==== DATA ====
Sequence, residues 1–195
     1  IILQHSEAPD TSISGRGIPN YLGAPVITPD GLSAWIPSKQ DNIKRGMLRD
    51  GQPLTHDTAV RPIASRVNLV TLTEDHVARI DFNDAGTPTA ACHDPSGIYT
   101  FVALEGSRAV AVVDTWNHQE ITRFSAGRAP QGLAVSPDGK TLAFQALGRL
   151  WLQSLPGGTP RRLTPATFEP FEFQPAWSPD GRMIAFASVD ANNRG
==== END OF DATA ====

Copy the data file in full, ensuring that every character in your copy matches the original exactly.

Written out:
Sequence, residues 1–195
     1  IILQHSEAPD TSISGRGIPN YLGAPVITPD GLSAWIPSKQ DNIKRGMLRD
    51  GQPLTHDTAV RPIASRVNLV TLTEDHVARI DFNDAGTPTA ACHDPSGIYT
   101  FVALEGSRAV AVVDTWNHQE ITRFSAGRAP QGLAVSPDGK TLAFQALGRL
   151  WLQSLPGGTP RRLTPATFEP FEFQPAWSPD GRMIAFASVD ANNRG